Ben Affleck and Matt Damon will work together once again, this time on a movie set in the world of sports and sports business.

The pair will co-write (adapting an existing screenplay by Alex Convery) and star in a film about the early days of Nike, with Damon playing Sonny Vaccaro and Affleck playing Phil Knight. Affleck will also direct. The Hollywood Reporter has more details:

Damon will portray Vaccarro while Affleck plays Nike co-founder Phil Knight in a story around Nike’s longshot effort to sign rising superstar basketball player Michael Jordan to its shoe company in the mid-eighties, an endorsement that seemed impossible at the time but thanks to the maverick sneaker salesman, would become the most significant relationship between an athletic brand and an athlete. The deal launched the global, multi-billion-dollar contemporary sneaker industry and also helped the sport do the same.

If you’re wondering whether this means casting an actor to play perhaps the most famous athlete of all-time: nope. Jordan won’t be in the film.

The story will focus on Vaccarro’s relentless quest to sign Jordan to what was then the third place shoe company, a journey that took him to Jordan’s parents, and in particular his powerful, dynamic mother, as well as to former coaches, advisors, and friends. Jordan will be a mythic figure hovering above the movie and never seen, even as Vaccarro tries to reach him by gaining access to those close to him and around him.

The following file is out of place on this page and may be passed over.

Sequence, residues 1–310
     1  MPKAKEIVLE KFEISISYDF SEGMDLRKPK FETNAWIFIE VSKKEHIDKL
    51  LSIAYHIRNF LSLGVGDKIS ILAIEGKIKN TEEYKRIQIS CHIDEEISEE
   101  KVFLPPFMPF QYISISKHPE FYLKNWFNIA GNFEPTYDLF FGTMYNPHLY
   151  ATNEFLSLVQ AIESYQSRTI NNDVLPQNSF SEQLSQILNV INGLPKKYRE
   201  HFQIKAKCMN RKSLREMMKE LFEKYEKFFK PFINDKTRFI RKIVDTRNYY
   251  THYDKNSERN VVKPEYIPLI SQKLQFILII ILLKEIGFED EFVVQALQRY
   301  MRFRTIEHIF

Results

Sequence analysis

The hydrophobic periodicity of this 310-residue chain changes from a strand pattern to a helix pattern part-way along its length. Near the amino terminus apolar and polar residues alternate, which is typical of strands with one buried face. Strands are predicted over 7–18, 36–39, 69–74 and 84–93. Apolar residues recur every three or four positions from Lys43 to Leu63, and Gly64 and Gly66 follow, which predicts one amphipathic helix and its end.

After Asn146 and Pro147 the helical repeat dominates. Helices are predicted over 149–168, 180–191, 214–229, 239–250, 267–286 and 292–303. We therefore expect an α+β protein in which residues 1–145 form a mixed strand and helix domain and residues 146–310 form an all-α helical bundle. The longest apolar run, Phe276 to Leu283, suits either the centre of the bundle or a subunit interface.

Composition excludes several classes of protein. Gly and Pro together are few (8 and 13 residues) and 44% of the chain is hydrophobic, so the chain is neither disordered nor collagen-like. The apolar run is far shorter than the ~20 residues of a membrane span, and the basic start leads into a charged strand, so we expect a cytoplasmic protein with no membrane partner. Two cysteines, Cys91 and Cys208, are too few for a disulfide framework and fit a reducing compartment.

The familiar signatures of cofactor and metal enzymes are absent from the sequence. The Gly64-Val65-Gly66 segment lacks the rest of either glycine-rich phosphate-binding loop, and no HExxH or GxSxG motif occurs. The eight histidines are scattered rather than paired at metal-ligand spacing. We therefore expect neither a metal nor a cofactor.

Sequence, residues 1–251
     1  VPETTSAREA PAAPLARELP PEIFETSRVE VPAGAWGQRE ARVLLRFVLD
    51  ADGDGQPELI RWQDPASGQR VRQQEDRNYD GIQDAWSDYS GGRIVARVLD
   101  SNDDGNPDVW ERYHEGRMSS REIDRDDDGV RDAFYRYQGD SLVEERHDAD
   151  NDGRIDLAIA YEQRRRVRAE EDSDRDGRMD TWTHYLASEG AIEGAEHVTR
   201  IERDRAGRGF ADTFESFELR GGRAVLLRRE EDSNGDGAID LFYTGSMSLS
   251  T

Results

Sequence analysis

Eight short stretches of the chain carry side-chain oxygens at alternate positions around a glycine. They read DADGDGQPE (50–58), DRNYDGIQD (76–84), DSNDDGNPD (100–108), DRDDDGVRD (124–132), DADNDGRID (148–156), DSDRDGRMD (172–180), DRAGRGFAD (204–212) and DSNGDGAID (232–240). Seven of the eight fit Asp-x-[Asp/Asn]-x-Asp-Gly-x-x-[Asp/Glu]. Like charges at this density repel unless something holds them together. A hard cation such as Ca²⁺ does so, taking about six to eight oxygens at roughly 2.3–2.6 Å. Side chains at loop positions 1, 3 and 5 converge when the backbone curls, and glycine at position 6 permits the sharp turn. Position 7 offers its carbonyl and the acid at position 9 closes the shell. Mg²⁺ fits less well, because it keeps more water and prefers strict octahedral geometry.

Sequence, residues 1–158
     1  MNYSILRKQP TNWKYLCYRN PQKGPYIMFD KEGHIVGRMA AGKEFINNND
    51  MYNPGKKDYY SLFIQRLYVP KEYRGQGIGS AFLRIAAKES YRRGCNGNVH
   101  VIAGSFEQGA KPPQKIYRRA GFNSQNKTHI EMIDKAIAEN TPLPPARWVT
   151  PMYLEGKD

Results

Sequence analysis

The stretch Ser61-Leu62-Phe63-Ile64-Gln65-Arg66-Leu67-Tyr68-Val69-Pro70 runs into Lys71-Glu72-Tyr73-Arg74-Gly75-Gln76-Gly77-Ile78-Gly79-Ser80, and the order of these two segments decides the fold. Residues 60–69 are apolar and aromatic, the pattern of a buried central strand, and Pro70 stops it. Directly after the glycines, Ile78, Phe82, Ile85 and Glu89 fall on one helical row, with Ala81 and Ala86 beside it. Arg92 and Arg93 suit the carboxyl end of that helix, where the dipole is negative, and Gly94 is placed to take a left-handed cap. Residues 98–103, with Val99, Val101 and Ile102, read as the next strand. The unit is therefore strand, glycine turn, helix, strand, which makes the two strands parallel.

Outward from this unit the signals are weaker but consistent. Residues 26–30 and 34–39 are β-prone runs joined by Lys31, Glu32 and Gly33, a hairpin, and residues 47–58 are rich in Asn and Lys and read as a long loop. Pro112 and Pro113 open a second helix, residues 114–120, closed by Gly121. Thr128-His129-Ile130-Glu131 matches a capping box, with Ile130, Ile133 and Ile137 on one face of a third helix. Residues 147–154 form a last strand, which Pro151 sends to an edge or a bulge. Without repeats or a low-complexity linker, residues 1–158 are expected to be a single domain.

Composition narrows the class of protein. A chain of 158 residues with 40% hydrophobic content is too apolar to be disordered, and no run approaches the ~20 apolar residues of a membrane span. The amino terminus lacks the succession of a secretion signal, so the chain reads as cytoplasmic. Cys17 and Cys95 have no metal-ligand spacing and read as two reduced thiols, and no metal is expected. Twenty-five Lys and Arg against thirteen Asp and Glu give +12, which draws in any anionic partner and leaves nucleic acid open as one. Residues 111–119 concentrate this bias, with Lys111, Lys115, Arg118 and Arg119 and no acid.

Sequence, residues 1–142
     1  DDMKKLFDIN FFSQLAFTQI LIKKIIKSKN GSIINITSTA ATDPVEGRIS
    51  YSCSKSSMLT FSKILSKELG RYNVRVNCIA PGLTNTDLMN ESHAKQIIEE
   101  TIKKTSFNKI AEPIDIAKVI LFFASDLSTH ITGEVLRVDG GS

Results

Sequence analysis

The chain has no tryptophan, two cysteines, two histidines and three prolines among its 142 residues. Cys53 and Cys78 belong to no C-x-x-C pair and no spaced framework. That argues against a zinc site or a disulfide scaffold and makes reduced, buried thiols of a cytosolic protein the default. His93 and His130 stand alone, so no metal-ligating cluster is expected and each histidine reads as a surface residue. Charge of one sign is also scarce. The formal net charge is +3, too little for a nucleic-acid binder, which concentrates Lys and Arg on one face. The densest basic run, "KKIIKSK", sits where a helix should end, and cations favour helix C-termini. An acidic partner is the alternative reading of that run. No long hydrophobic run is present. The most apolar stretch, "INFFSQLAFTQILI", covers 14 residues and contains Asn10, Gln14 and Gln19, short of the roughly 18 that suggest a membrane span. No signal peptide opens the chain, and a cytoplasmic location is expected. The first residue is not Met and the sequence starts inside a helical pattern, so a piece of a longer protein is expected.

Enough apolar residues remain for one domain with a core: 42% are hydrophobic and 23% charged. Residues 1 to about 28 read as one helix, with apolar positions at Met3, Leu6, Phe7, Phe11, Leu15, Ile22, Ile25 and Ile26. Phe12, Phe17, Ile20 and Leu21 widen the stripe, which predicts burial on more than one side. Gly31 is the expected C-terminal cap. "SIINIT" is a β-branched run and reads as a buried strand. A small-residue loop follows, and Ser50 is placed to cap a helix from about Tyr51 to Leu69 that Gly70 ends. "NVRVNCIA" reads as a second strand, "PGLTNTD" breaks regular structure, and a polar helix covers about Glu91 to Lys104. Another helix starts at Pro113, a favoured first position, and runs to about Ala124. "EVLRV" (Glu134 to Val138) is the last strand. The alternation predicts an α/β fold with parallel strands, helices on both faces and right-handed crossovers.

The project has a connection to the Vaccaro-focused 30 for 30 documentary Sole Man as well:

Key in the proceedings is the 2015 ESPN 30 for 30 documentary titled Sole Man that centered on Vaccaro and his story. Skydance Sports president Jon Weinbach, who served alongside Mandalay chairman Guber as one of the producers of the Emmy-winning Jordan series The Last Dance, was integral in obtaining Vaccaro’s life rights.

It’s still very early in development, without a title or release date, and it could be a while before it gets made; according to IMDB Affleck has a pair of other announced directorial projects already in the works. But there’s no doubt it’s an appealing narrative; it’s hard to pick a sports business venture that had higher stakes or a bigger return for a company than this one, and the personal drama involved is also compelling.

[The Hollywood Reporter]

About Jay Rigdon

Jay is a writer and editor for The Comeback, and a contributor at Awful Announcing. He is not a strong swimmer.